If ever a single week could be said to capture the wide spectrum of challenges confronting women in the military, that week may well have arrived earlier this month. By a notable coincidence, the span of a few days saw not only the passage of Al Franken's much discussed "contractor rape amendment," but also the introduction of a bill to remedy the absence of emergency contraception at military healthcare facilities. Not long afterwards, the commander of U.S. forces in Northern Iraq shed additional, if unexpected, light upon the plight of servicewomen by issuing an order prohibiting his troops from becoming pregnant during deployment.
Though distinct in their details, the recent news accounts of military sexual assault, lack of access to contraception, and punishment for pregnant soldiers are in fact united by a series of common threads. Not only do all of these injustices stem from a lack of uniformity in the military's approach to disciplinary action, they also point collectively to its longstanding power to undermine the civil rights of its personnel.
Whether noble or otherwise, the concept of placing country before self is rarely easy to reconcile with a belief in inalienable human rights. Although public opposition to the pregnancy order centered largely on human rights to bodily integrity and reproductive choice, to assume that military personnel are entitled to such protections in the first place is to apply an inherently individualistic doctrine to an institution that by nature regards its members as a means to an end.
This conflict between the needs of the military and the rights of its personnel has long been a subject of legal dispute, with courts all but reflexively favoring security over liberty. Throughout the years, the U.S. Supreme Court has upheld military orders curtailing the liberty of Japanese-Americans, prohibiting the distribution of literature and the display of religious apparel on bases, and otherwise abridging constitutional rights in the name of military necessity. As Justice Brennan lamented in one such case, "[i]f a branch of the military declares one of its rules sufficiently important to outweigh a service person's constitutional rights, it seems that the Court will accept that conclusion, no matter how absurd or unsupported it may be."
Not only has the civilian justice system vested in the military the authority to regulate the most private and personal acts of those who serve, it has also repeatedly washed its hands of military personnel seeking redress for injuries inflicted by their employer. Perhaps the starkest illustration of this trend is the unwillingness of Congress and the courts to allow servicewomen who are sexually assaulted to sue their employers in federal court. While Jon Stewart may have skewered the senators who voted against Al Franken's "anti-rape amendment" for defense contractors, similar indignation has yet to surface on behalf of enlisted servicewomen, who to this day remain exempt from Title VII coverage and barred from bringing assault claims against their employer.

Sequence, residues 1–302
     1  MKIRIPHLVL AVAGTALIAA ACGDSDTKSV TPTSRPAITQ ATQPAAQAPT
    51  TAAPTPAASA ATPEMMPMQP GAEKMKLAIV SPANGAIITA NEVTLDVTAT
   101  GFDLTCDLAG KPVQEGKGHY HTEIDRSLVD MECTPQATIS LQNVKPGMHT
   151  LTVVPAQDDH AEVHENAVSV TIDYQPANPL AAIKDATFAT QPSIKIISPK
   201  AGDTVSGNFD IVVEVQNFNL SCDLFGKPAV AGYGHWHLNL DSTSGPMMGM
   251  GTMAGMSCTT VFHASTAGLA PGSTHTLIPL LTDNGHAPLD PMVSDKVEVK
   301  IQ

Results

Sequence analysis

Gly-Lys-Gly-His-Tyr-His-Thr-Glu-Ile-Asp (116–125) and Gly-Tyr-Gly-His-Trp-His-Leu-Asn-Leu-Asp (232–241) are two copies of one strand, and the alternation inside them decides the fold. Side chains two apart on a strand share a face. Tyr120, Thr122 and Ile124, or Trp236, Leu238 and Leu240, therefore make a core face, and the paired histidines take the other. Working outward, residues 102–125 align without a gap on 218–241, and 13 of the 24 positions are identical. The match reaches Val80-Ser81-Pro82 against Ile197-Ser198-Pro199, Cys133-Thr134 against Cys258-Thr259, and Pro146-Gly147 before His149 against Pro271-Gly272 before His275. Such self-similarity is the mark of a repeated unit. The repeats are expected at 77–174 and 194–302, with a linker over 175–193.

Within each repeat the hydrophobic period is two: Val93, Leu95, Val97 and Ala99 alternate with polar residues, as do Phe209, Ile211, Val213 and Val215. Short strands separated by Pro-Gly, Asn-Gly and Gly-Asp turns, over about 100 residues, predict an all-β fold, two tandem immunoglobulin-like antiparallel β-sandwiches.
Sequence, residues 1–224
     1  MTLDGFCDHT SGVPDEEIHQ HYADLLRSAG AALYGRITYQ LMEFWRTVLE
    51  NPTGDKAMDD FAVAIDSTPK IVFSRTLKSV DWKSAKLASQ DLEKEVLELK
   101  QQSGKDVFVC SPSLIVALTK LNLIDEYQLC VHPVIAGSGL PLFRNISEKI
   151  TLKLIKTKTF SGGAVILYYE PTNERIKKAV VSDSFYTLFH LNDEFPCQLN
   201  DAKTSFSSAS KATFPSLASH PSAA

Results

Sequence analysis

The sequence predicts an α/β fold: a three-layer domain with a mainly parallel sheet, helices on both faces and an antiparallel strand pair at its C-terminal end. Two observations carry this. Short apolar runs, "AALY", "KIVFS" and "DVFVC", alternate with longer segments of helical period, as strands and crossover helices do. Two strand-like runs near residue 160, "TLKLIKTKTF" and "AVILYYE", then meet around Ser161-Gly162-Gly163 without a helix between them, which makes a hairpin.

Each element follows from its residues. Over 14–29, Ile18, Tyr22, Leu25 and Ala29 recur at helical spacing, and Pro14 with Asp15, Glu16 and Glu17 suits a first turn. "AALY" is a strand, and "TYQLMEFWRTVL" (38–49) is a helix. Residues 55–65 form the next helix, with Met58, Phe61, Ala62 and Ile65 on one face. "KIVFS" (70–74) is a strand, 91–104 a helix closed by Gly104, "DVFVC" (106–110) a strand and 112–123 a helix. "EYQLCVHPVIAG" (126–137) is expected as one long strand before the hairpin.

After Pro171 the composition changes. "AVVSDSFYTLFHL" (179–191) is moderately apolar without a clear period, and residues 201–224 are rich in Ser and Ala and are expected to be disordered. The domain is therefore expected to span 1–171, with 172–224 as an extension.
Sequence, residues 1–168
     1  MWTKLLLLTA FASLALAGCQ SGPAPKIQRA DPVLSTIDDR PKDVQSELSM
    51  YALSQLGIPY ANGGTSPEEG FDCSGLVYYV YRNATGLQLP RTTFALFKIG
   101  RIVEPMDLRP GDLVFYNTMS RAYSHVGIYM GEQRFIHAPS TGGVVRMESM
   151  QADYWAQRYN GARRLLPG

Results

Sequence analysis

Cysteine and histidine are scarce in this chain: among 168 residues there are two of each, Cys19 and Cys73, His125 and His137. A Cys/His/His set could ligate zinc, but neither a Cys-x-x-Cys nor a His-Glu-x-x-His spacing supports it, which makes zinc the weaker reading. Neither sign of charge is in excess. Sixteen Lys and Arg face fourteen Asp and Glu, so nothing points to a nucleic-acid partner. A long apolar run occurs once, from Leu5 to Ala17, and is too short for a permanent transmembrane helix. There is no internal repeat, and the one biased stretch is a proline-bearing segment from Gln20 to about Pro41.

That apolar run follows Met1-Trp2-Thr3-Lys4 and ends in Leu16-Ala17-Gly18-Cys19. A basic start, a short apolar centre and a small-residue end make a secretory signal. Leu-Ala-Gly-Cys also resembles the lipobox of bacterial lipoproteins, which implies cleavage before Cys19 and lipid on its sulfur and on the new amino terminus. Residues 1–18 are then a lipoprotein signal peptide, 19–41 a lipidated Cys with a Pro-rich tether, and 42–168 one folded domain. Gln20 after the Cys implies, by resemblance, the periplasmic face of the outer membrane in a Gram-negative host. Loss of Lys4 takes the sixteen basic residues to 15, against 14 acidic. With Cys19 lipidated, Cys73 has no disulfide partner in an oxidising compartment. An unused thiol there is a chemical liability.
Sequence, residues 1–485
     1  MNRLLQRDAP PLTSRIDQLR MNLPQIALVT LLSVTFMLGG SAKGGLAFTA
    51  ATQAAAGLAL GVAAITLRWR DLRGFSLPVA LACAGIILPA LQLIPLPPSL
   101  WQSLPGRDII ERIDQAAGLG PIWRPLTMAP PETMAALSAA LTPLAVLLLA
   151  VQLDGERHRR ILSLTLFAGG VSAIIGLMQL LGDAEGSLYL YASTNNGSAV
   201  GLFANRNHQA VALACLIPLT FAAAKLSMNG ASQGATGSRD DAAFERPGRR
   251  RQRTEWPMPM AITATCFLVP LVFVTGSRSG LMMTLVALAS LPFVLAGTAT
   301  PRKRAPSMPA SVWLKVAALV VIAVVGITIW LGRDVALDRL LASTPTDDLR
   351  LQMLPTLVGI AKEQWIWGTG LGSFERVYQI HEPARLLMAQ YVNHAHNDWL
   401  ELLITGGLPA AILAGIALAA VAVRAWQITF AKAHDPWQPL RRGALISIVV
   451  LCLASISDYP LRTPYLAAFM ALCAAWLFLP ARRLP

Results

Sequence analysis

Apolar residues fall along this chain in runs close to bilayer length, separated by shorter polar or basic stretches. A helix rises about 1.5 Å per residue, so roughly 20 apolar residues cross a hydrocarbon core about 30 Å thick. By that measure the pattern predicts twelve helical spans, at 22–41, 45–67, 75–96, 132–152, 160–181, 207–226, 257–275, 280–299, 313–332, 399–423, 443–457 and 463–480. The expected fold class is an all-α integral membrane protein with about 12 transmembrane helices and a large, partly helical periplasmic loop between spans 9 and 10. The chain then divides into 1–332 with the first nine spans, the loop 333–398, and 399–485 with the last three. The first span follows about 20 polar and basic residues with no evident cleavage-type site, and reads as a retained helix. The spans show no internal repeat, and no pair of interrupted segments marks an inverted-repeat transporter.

Not unlike contractors bound by mandatory arbitration clauses, servicewomen who bring sexual assault complaints must submit to the discretion of their unit commanders. Under this system, authority lies not with a disinterested judge but, rather, with someone who has a preexisting relationship with both the victim and the offender. Despite ongoing calls for reform, the armed forces and Congress still grant commanders full disciplinary discretion, effectively treating punishment for assault as a personnel decision instead of a legal matter. As a result, military leaders routinely exercise leniency with offenders they regard as good soldiers, opting for administrative punishments twice as often as criminal prosecution in sexual assault cases.
This type of discretion has too often encouraged military leaders to sacrifice individual rights to institutional goals, a trend only recently illustrated by General Cucolo's pregnancy order. Half a century ago, in fact, another commander invoked similar claims of "military necessity" to mandate the evacuation and internment of thousands of Japanese-Americans. Although the Supreme Court upheld the order, a dissenting opinion eloquently articulated the dangers of civilian indifference to injustice in the armed forces. "A military commander may overstep the bounds of constitutionality, and it is an incident," it warned at the time. "But if we... approve, that passing incident becomes the doctrine of the Constitution."
For every such policy disavowed by history or defeated by bad publicity, there are a great many more that continue to pass unnoticed. If we fail to take the military to task for these isolated incidents, we risk seeing them evolve into a settled doctrine of inequality and oppression.
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